At a virtual town hall held Thursday by dot.LA and PledgeLA to identify actions leaders in the L.A. tech and startup community can take now to break down racial barriers to jobs and capital, and to democratize economic opportunity for the region -- there were ultimately a robust number of questions asked and interest expressed around the issue, though tangible actions remain to be seen.
Nearly 30 years after the 1992 riots in Los Angeles, protesters across the U.S. gathered this time to march against systemic racism and violence faced by the black community after George Floyd was killed while in police custody in Minneapolis.
Across social media, tech companies in L.A. and beyond have posted and tweeted their support for #blacklivesmatter, muted their feeds, and opened their pocketbooks, while music companies took part in a blackout. Companies have also donated to various diversity, equity and inclusion causes, but it remains an open question as to what impact those efforts will have.
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- diversity-in-tech - dot.LA ›
Our new video interview series dot.LA Dives In seeks to delve beneath the surface of the Los Angeles tech and startup scene. The plan is simple: Shine a light on the innovation in L.A.'s tech and startup community by sharing perspectives straight from the change-makers themselves. The first installment is with Miki Reynolds, the executive director and co-founder of Grid110, an economic and community development nonprofit dedicated to creating clearer pathways to success for early-stage entrepreneurs in Los Angeles.
- grid110 - dot.LA ›
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- Join us for a Town Hall Discussion on Building Equality into L.A. Tech's Future - dot.LA ›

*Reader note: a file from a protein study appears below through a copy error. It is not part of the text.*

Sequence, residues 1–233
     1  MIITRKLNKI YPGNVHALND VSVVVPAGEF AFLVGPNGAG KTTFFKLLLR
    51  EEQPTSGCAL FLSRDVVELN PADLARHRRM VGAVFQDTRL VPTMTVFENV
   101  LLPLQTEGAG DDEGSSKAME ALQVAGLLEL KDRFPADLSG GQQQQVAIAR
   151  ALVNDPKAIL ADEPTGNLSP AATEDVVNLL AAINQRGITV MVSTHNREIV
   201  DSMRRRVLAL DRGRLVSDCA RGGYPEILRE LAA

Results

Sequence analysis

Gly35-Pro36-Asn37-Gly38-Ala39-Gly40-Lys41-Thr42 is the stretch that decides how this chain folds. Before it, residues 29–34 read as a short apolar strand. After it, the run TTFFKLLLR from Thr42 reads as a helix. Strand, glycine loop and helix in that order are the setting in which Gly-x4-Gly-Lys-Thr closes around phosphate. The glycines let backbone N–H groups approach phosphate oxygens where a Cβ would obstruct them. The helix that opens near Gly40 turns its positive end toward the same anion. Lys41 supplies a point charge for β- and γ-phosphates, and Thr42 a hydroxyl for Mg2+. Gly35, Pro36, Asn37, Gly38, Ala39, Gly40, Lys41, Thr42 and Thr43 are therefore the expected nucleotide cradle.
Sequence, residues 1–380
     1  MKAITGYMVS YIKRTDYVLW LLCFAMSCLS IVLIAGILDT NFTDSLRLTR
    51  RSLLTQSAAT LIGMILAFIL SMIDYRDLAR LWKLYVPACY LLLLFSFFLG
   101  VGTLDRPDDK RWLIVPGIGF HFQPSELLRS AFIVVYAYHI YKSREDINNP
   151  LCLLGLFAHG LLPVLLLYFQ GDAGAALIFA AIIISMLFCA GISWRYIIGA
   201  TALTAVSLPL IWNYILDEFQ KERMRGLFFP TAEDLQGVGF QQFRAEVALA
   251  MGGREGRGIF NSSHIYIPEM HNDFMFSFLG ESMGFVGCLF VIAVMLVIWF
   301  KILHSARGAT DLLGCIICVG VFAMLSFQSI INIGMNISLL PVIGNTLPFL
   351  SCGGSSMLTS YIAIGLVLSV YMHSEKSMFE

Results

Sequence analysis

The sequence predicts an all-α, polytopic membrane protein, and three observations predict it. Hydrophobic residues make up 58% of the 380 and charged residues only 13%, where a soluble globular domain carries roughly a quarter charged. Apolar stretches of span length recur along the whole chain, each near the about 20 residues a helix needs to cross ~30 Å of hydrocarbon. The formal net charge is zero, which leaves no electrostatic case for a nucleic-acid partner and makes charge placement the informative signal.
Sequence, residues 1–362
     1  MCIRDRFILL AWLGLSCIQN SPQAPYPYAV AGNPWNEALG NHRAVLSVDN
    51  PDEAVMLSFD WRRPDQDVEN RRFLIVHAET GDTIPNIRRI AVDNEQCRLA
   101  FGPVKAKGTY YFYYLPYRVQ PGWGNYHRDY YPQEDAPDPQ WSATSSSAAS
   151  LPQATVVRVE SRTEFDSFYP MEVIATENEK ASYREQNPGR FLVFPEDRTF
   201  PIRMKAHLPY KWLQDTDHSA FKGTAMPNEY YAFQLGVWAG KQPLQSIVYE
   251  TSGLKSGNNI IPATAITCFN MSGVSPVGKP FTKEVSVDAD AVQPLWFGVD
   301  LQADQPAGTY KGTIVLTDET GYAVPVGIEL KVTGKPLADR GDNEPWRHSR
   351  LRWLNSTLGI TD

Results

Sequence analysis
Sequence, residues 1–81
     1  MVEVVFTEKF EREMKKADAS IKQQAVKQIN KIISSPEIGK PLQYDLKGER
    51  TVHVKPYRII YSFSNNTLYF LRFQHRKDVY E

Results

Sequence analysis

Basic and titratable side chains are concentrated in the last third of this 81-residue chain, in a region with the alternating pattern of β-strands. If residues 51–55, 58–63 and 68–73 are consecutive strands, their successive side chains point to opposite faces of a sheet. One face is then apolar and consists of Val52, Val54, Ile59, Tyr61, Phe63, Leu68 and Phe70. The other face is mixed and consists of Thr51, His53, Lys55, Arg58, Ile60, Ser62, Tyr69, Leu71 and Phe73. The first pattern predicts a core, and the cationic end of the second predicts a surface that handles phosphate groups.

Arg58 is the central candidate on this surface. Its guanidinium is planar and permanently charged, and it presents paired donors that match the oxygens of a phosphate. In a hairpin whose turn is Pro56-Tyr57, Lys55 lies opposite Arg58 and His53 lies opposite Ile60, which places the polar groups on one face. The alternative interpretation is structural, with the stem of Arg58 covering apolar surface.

In this episode of dot.LA Convenes, dot.LA's speaker series devoted to empowering women in tech, we focus on age and how it uniquely affects women at every stage of their careers.
Younger women, especially in the tech community, often struggle to build credibility and to be taken seriously. As they age, societal expectations around family arise, and later in life they face questions about our ability to stay.
Dr. Cheryl Ingram, CEO and Founder of Inclusology
Dr. Cheryl Ingram, CEO and Founder of Inclusology<p><strong>Dr. Cheryl Ingram </strong>is the CEO and founder of Inclusology, a software company that is using machine learning to build the world's greatest diversity, equity, and inclusion (DEI) assessments, benchmarks, and automated solutions). Diverse City LLC is a diversity, equity, and inclusion consulting firm working with organizations across the United States. Cheryl has been training and coaching in the area of diversity and inclusion for 18 years. She has her Doctorate of Education with a specialization in D&I, a Master of Arts in Education, and her Bachelor of Arts in Communication Studies, all from New Mexico State University. Cheryl's company works with clients such as Netflix, Uber, Foursquare, University of Washington and others to help them build sustainable and fair DEI Practices. Cheryl's many passions related to social justice and equity include serving on the board of directors for Unloop, a national technical training program that addresses recidivism in prisons throughout Washington State.</p>
Heather Wetzler, CEO and Founder of Cue Career
Heather Wetzler is the CEO and Founder of Cue Career<p><strong>Heather Wetzler </strong>is the CEO and Founder of Cue Career, an education technology/ workforce development company. The Cue Career platform connects trade and professional associations with students, helping students explore and visualize job pathways and secure the skills-based training opportunities needed to enter the modern workforce. They recently completed the LearnLaunch Accelerator program are part of the Acumen Social Impact Future of Work accelerator.</p><p><br>Cue Career is a life-long learning platform. Phase One is a career exploration and workforce development platform linking students to industry associations. </p>
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- Join dot.LA for Our Discussion on Ageism in the Workplace - dot.LA ›
- ageism - dot.LA ›